If you are good at engineering redrives. I think I can Do it, and it will be much harder to make reliable than direct drive.
 

LHH

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Thank you for the offer, just emailed Ace to try and get one made to keep the engine centered due the low shaft position.
 

Vigilant1

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IIRC, John (at Ace) has stated that his drives do not need a snubber/ tensioner as many other designers have found to be essential to avoid torsional vibration and and belt flailing. Among his stated reasons is that he keeps the two pulleys very close together. That would preclude a large offset between the bearings unless the pulleys are quite large.
There's quite a bit more about the Ace units here on HBA. Since you'll be sending him almost $1000, you'll want to do that reading.
 

pictsidhe

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Thank you for the offer, just emailed Ace to try and get one made to keep the engine centered due the low shaft position.
I won't be selling redrives for several years, if ever.
I'm a little dubious about the Ace units. Without spending $1000 on one to examine and test, I can't say if they are likely to hold up or not. John is not willing to give out enough info to do a proper paper assessment.
 

Victor Bravo

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As has been mentioned already, a big spinner in front will greatly reduce the bad shape of the engine for a motorglider, and also give you a nice low-drag shape. Since a motorglider is likely going to have a low drag fuselage with a reclined pilot, that spinner will be helping quite a bit with the whole airplane.

Direct drive will save a lot of weight, money, and fiddling. A motorglider should have low enough drag to be able to use this.
 

Vigilant1

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Trying to find an EFI four stroke that will not require major reworking with a small frontal area.
Honda seems to have the smallest
Here's a sketch that Hot Wings made showing the relative frontal area of an 810cc B&S (28HP stock, more to be had) in direct drive mode. That's a 6' 2" pilot and a 10" x 10" spinner. There's more (incl some sketches with redrives) at this post.

from the side:


Although these engines aren't the "conventional" airplane engine shape, as the drawings show, they are quite small.
If prop clearance from the ground is a significant concern in your application, TiPi's work on flipping the engine over will give you a few more inches. It also puts the jug "humps" underneath which may clean up the cowl aerodynamics a bit. The direct drive approach saves the weight, cost, and some of the risk associated with a PSRU. For a motorglider, the direct drive approach makes a lot of sense (IMO). For a draggy trike, a PSRU would be best.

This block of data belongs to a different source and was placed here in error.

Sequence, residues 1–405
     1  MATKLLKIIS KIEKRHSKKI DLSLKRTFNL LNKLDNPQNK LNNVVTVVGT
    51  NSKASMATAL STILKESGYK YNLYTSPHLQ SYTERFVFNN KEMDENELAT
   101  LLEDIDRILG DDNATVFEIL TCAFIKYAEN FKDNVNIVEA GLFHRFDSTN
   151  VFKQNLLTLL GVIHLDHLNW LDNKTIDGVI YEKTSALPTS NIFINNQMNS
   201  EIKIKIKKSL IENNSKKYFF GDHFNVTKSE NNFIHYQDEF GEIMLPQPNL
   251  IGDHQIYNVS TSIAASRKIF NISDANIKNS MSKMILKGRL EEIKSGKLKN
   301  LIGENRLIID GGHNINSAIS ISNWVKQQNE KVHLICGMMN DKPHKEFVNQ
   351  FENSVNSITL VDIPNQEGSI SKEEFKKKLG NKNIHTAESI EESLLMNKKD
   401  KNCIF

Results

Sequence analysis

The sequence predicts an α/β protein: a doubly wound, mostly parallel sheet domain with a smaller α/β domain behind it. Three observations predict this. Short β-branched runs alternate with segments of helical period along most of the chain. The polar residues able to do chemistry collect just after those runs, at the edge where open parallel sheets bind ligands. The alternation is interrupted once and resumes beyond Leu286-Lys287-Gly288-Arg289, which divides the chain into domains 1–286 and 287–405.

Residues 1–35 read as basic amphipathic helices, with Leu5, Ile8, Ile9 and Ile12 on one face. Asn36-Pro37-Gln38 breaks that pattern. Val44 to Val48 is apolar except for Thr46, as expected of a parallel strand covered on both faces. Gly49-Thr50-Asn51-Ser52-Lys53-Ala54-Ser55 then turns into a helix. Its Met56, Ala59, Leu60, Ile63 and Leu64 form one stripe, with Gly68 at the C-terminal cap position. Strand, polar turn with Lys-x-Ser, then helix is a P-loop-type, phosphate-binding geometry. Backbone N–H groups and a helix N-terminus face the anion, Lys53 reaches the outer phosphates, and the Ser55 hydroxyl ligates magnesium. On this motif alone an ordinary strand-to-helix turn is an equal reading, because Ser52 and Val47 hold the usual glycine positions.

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aeromomentum

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As a manufacturer of engines with PSRU's and of the PSRU itself I may be a little biased but there are some compelling reasons for turning the prop slower. Keep in mind that a faster aircraft has a lower L/D just like a faster turning prop. If you keep the prop the same length a direct drive prop turning 2700 rpm will require about 10% more power for the same thrust than a 2240 rpm prop on an engine with a PSRU. A two gear PSRU will have a loss of less than 1% so you net about a 9% reduction in required power for the same thrust with the same diameter prop.

Of course a larger diameter prop will also provide more thrust for the same power and a PSRU will allow this with less loss due to the increased prop velocity.

Direct drive also has it's own risks. There can always be a resonance between the prop and the engine and this can break props, cranks, etc.
 

LHH

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Spinner diameter is already 17 inches.
Had not considered flipping the engine.
Lots of good points to consider.
 
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Hot Wings

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Has not considered flipping the engine.
Unless you really 'need' an inverted engine I wouldn't. There are other industrial engines besides the B+S 810 that could be adapted. I decided on the 810 mostly because it is easier to invert than the horizontal shaft engines. If I was to use an upright engine I'd have to seriously look at some of the other options. Probably a lot less work to adapt.
 

Vigilant1

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Unless you really 'need' an inverted engine I wouldn't. There are other industrial engines besides the B+S 810 that could be adapted. I decided on the 810 mostly because it is easier to invert than the horizontal shaft engines. If I was to use an upright engine I'd have to seriously look at some of the other options. Probably a lot less work to adapt.
If a builder really needs 28-30 reliable HP and wants to use an industrial engine, there don't seem to be many other direct drive options, and none that I know of can match the weight and initial price of the 810. But, yes, a horizontal shaft big block would be easier to adapt (esp the oil system). Luckily, with the "heads up" 810 B&S there's a well-travelled path to conversion.